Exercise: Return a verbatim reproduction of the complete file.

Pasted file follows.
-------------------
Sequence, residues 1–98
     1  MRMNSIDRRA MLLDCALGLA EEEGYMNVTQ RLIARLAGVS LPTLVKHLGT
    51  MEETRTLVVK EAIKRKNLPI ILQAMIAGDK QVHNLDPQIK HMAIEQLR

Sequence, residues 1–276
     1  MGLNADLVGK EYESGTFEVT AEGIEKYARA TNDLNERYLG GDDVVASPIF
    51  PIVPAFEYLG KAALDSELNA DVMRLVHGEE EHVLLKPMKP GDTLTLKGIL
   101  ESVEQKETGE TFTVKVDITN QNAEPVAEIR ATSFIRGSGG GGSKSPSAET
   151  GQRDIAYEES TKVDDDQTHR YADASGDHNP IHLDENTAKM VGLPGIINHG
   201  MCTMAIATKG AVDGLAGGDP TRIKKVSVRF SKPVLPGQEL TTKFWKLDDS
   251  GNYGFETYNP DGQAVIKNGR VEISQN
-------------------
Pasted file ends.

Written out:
Sequence, residues 1–98
     1  MRMNSIDRRA MLLDCALGLA EEEGYMNVTQ RLIARLAGVS LPTLVKHLGT
    51  MEETRTLVVK EAIKRKNLPI ILQAMIAGDK QVHNLDPQIK HMAIEQLR

Sequence, residues 1–276
     1  MGLNADLVGK EYESGTFEVT AEGIEKYARA TNDLNERYLG GDDVVASPIF
    51  PIVPAFEYLG KAALDSELNA DVMRLVHGEE EHVLLKPMKP GDTLTLKGIL
   101  ESVEQKETGE TFTVKVDITN QNAEPVAEIR ATSFIRGSGG GGSKSPSAET
   151  GQRDIAYEES TKVDDDQTHR YADASGDHNP IHLDENTAKM VGLPGIINHG
   201  MCTMAIATKG AVDGLAGGDP TRIKKVSVRF SKPVLPGQEL TTKFWKLDDS
   251  GNYGFETYNP DGQAVIKNGR VEISQN